Sun. Jul 14th, 2024

On Wednesday April 26, members of the West Chester community gathered at the Unitarian Fellowship Church to hear ordained Unitarian minister and whistleblower Marie deYoung speak about the motives behind questioned and unsupported costs in Iraq and Kosovo by Texas based contractor Halliburton.A native of Philadelphia, deYoung now resides in Lansdowne, Penn., where she is adamantly focused on letting the American public know about overspending in Iraq and the effect that it has had on communities similar to West Chester. According to deYoung, the first female chaplain of several combat units, the Texas based defense contractor has accumulated bills containing more than $1.4 billion in ‘questionable’ charges. “It is an absolute shock to me that we don’t dare ever talk to auditors,” said deYoung.

Founded in 1919, Halliburton is one of the world’s largest providers of products and services to the oil and gas industries, employing more than 100,000 people in over 120 countries. According to deYoung, Halliburton has received billions in ‘cost-plus’ contracts through its subsidiary, Kellogg Brown & Root (KBR). KBR currently employs more than 60,000 people in 43 countries.

“I really did believe contracts were for the good of the soldiers,” said deYoung. According to deYoung, due to the fact that Halliburton is KBR’s parent company, Halliburton is profiting whenever KBR is. In a situation like this one, a company can ultimately get paid for the work that it does, and also receive an additional monetary bonus for the money it spends.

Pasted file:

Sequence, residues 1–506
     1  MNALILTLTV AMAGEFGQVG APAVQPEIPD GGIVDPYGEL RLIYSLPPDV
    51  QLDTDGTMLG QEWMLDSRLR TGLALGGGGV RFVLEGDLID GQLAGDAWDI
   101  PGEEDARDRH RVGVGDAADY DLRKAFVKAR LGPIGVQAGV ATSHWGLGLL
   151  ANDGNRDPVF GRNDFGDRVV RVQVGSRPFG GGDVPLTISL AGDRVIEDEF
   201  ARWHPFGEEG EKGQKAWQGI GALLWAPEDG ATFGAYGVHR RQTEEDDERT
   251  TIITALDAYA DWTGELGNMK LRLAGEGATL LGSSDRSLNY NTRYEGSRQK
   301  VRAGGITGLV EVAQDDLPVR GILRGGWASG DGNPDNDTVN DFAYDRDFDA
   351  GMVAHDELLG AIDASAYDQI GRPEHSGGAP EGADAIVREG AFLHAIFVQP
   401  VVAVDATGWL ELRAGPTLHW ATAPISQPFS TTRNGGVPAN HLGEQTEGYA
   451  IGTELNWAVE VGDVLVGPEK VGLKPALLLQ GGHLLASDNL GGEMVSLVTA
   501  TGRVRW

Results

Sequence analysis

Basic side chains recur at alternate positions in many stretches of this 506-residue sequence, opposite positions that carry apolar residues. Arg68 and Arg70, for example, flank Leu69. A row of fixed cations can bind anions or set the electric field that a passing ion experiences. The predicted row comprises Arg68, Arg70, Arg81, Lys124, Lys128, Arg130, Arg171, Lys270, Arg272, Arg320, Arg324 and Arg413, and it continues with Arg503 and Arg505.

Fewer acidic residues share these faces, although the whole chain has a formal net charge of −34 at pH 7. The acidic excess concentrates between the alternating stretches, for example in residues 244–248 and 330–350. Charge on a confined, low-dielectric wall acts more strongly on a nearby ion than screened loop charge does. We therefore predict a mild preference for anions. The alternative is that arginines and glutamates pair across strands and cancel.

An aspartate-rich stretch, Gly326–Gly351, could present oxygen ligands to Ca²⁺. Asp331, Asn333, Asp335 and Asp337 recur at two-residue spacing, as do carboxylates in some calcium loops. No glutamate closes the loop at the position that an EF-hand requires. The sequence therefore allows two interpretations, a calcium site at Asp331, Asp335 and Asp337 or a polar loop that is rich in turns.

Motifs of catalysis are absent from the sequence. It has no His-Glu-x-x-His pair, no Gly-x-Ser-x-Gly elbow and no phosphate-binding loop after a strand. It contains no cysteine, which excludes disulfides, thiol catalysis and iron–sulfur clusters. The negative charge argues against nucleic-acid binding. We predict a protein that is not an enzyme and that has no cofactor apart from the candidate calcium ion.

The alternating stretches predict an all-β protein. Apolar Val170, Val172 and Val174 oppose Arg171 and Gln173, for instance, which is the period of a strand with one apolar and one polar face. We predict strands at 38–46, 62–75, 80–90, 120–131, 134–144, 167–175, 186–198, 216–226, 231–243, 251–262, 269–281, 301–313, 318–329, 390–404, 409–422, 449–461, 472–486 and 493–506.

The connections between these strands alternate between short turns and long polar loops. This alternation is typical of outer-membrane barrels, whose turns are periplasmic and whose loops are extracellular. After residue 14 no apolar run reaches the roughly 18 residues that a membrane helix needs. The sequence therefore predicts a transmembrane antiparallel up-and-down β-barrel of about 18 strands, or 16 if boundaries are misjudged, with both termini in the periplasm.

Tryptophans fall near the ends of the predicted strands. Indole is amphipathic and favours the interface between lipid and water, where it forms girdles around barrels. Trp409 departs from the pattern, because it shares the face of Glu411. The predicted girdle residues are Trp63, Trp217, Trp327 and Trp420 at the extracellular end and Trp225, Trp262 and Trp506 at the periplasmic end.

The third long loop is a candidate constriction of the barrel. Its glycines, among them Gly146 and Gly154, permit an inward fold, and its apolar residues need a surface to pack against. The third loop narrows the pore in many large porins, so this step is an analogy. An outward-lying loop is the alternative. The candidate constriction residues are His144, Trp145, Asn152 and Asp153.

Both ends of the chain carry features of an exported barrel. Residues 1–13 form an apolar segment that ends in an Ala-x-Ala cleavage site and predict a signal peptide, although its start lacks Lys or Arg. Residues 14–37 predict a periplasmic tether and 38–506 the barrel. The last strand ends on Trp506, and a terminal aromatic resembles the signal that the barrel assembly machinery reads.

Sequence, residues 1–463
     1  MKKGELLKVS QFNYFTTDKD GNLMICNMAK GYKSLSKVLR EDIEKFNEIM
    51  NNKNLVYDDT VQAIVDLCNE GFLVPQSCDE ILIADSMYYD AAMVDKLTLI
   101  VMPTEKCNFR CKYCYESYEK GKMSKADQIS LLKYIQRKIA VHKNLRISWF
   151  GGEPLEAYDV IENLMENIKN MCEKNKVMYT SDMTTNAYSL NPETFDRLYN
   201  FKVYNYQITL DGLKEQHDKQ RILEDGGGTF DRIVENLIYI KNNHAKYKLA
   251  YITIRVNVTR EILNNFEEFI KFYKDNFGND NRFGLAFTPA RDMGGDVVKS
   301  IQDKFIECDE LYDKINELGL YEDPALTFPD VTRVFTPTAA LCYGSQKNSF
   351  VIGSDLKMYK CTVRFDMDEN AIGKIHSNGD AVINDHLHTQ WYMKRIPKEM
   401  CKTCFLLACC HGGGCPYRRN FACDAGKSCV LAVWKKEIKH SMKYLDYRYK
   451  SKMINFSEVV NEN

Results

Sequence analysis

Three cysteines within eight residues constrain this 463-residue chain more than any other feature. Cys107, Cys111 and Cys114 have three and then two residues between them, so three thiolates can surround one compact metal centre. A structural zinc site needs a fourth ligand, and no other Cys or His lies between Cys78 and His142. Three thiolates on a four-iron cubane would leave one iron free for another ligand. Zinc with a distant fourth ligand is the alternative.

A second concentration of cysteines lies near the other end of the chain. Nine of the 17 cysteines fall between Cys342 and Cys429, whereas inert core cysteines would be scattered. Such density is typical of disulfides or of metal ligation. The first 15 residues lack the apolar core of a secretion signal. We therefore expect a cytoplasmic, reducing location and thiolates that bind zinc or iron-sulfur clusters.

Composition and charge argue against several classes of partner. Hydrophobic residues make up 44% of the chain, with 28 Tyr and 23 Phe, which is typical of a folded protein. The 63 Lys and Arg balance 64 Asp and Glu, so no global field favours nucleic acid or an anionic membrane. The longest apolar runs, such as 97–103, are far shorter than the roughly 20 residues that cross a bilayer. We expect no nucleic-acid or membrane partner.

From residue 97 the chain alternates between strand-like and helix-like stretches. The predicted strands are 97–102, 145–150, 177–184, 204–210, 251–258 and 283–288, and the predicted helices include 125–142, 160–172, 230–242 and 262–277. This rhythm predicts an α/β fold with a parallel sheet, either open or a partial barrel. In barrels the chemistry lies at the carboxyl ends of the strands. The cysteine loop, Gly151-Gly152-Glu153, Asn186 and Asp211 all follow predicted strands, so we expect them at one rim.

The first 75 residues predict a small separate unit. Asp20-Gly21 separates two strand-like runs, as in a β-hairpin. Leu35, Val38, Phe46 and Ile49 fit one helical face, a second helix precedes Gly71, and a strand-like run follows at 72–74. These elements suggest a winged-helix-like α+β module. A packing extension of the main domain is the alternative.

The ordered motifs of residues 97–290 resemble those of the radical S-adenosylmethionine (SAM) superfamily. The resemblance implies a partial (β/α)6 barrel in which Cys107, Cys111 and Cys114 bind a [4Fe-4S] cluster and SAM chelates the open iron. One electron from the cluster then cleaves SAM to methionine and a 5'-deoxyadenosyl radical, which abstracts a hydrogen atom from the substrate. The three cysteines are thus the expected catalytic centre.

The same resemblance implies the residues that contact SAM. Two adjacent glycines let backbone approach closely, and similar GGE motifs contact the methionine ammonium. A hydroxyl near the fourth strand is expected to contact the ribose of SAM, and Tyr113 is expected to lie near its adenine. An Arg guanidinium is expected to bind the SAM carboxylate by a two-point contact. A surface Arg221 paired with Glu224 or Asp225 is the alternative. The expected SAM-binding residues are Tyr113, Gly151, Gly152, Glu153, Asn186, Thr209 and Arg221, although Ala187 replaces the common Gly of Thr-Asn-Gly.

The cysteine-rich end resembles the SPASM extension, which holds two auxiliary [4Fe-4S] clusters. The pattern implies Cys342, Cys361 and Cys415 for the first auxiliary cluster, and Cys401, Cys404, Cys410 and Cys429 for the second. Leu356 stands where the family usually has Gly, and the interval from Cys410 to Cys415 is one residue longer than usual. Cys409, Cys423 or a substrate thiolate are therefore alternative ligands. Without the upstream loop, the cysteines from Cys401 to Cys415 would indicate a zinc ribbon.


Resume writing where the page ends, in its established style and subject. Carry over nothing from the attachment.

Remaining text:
“Media coverage concerning this issue has not been wide spread,” said deYoung. In an attempt to shed light upon taxpayers in 2004, deYoung testified before the House Committee on Government Reform. In her testimony, deYoung cited money wasted on laundry facilities, as well as overpriced hotel suites for contract workers. “It is an outrage to soldiers families and taxpayers that soldiers are sleeping in tents and contractors are in five star hotels,” deYoung said Wednesday night.

In 2002, deYoung was hired to monitor subcontracts for KBR in Kuwait, where she soon discovered that large portions of the money spent was not on the behalf of the soldiers, but to ensure comfortable living situations for the contractors. “My job is to clean up contracts,”said deYoung. There is nothing wrong with earning a living, but to do price gauging and take advantage of a situation is wrong.”

deYoung is currently running for state representative in Lansdowne, where she hopes her Adopt-a-Line-Item initiative will push Philadelphians to demand that money be used on improving the education system, rather than on overpriced laundry bills and extravagant hotel suites. “Everyone must vote and contact government officials,” said deYoung, “We have to get the information out so we are empowered to do something.

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